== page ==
"El-Kassar positioned this black character within the Egyptian national family,” writes Alon Tam, at the University of Pennsylvania, “even pitching him as an all-Egyptian figure. At the same time, he undermined this position by marking Othman's skin colour and accent as inferior, and by associating him with other ‘foreign’-Egyptians.”

A rare exception was the widely popular character of Othman Abdel-Basset, the brainchild of comedian Ali El-Kassar (1887-1957), from 1935 until 1944. El-Kassar himself was not Nubian: born in Cairo, he mingled with the city’s Nubian community before he invented a racial caricature, complete with cracked accent, coy body language and reserved demeanour.

Othman Abdel-Basset became the most well-known Black character in Egyptian pop culture, giving Nubians a spectrum of emotions rare to the Arab screen. It was one of the very few - if only – instances of a Nubian character taking centre stage in mainstream Egyptian film. 

To El-Kassar’s credit, he strived to create a working-class hero, ascribing him jobs - such as pie-seller or government employee - that differed from the usual servant-concierge ghetto. And there’s undeniably great humanity and playfulness in the character.

But Abdel-Basset still suffered from the cliches that have addled Black characterisation since, shaping how many Egyptians have perceived Africans for decades to come.

By the 1960s, when Nubians had been displaced in the wake of dam construction, first under the British protectorate and then the Egyptian government, Black characters were still relegated to the periphery of the screen. Blatant racist mockery had intensified and become the norm.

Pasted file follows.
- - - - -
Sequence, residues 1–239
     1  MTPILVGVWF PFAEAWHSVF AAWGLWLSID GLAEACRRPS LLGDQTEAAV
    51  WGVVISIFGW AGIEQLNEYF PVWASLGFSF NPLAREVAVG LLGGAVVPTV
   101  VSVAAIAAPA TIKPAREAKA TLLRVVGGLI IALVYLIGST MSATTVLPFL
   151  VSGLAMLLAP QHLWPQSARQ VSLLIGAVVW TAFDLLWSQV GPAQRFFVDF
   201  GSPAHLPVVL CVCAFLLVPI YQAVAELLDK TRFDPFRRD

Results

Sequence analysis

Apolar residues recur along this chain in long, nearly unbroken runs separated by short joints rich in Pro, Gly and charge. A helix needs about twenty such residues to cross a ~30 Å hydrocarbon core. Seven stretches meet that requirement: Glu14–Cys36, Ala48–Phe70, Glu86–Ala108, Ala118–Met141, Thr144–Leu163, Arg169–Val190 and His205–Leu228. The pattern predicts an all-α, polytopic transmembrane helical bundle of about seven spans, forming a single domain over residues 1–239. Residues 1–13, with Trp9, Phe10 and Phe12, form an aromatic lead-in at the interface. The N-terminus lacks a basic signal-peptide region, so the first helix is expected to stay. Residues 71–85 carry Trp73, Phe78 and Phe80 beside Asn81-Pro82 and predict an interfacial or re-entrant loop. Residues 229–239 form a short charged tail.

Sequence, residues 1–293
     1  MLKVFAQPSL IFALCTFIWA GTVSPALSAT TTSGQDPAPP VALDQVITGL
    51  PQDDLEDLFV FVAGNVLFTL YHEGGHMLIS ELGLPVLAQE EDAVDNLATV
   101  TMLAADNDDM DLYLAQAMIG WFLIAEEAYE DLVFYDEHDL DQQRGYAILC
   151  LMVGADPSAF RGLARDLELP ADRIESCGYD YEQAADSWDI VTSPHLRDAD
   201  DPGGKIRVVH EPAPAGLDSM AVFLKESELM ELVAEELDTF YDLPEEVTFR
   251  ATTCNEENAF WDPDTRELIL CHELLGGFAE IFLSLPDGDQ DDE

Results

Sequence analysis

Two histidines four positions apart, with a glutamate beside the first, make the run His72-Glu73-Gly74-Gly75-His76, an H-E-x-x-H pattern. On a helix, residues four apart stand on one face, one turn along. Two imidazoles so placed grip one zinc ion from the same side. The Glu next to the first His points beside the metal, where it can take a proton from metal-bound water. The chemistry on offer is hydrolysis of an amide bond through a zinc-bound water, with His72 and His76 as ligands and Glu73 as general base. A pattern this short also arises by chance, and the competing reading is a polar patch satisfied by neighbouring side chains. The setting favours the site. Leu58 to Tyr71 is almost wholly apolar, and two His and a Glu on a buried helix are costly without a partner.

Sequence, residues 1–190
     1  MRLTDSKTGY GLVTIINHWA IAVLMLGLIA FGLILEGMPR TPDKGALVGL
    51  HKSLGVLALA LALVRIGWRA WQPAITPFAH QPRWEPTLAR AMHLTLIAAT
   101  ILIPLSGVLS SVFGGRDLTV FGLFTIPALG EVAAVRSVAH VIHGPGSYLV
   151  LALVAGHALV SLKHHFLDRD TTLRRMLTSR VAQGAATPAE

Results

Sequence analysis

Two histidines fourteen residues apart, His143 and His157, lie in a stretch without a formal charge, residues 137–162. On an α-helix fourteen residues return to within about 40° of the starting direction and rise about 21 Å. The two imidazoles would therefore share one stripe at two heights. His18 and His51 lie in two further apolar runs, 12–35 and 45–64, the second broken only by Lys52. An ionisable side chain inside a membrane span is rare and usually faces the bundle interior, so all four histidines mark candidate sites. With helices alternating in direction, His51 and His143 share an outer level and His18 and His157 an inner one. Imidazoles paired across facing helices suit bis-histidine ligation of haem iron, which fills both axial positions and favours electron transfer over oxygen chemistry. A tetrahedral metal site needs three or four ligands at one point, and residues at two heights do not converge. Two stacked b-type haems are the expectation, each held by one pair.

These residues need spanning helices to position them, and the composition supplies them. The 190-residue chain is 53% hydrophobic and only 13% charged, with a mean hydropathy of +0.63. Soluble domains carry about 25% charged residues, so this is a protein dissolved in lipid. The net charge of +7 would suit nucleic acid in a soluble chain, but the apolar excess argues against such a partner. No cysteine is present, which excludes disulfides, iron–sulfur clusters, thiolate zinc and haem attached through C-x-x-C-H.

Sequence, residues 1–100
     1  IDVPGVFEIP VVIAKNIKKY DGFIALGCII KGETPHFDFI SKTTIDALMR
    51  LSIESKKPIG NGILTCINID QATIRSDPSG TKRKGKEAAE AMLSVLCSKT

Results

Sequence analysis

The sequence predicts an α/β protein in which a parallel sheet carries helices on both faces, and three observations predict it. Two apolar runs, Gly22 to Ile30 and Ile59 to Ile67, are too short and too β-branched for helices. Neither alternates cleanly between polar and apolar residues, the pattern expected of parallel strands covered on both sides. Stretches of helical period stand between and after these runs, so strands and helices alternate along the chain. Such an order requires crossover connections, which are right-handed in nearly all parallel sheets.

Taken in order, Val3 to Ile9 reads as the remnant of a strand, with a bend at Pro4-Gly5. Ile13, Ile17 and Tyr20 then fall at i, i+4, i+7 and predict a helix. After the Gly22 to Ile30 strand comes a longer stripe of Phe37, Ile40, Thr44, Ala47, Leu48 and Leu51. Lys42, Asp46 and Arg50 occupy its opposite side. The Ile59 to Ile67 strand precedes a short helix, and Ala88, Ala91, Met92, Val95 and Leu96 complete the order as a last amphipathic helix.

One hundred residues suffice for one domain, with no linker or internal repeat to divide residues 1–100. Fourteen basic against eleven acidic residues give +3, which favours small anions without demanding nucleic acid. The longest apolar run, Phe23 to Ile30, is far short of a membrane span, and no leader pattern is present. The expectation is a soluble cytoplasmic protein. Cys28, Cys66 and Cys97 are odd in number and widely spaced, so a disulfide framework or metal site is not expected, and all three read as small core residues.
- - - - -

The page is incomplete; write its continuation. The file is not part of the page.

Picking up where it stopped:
Even to be perceived as dark-skinned could stall a career. Ahmed Zaki (1949-2005) became one of the most popular stars of his generation - but in his early days, producers were reluctant to cast him, most notably in the classic adaptation of El Karnak (1975), despite being backed by director Ali Badrakhan. The role eventually went to the lighter-skinned Nour El-Sherif.

Nour El Sherif Ahmed Zaki
Nour El-Sherif (left) replaced the darker-skinned Ahmed Zaki in the 1975 film El Karnak (screengrab)

The examples continue into the 21st century. In the 2001 feature Africano, directed by Amr Arafa and starring Ahmed El-Sakka and Mona Zaki, one character shouts: "Is there a power cut in there or something?" as a group of Africans enter a nightclub.

“Your night is as black as your face,” the titular protagonist of Muhammad al-Najjar’s 2005 comedy, Ali Spicy, tells an escort hired by his uncle. “If you turn off the lights, nobody would see her.”

According to a study by the Border Center for Support and Consulting, 51 Egyptian films between 2007 and 2016 featured stereotypical depictions of Africans.

Racism in the digital age

Casual racism is not just restricted to cinema: with the explosion of TV and then digital platforms, so it has also spread to smaller screens.

In the 2018 comedy Azmi We Ashgan, Africans are depicted as uncivilised servants who practice sorcery (there’s also a very liberal use of the n-word).

In 2019, the prank show Shaklabaz (above), depicted TV comedian Shaimaa Seif wearing blackface to play an uncouth Sudanese woman on a congested minibus 

And Egyptian actor Maged El Masry told an anecdote during a talk show about being set up with a group of African girls whom he instantly kicked out of his car.

But such racism is not restricted to Egypt.

In Tunisia and Morocco, it's rare that you will see Black TV anchors or presenters: not only does this fail to reflect the countries' ethnic composition, it also stops younger Africans from trying to enter the profession. There is also Nasser al-Qasabi, playing the primitive simpleton in the Saudi Arabian sitcom No Big Deal (Tash ma tash). The Kuwaiti series The Block of Jokes (Block Ghashmara) also had one episode where its two leads donned blackface, playing a pair of gregarious, uncivilised desert dwellers.